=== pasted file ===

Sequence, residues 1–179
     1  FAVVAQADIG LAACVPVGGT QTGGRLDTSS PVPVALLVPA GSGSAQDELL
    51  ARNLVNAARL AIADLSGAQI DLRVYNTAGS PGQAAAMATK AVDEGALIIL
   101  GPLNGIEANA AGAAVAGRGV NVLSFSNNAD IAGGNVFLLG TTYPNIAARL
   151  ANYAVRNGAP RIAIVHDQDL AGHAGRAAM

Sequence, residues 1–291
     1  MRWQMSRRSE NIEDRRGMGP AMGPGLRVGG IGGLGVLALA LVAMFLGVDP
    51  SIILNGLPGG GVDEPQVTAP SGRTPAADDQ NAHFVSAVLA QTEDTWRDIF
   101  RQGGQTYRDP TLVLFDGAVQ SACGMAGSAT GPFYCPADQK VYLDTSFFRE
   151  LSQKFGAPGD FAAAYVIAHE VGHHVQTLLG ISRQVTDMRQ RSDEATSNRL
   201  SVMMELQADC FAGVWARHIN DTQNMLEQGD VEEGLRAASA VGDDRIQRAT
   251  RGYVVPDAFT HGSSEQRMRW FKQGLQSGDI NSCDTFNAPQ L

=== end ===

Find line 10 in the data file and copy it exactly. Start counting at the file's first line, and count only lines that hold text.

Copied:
   151  LSQKFGAPGD FAAAYVIAHE VGHHVQTLLG ISRQVTDMRQ RSDEATSNRL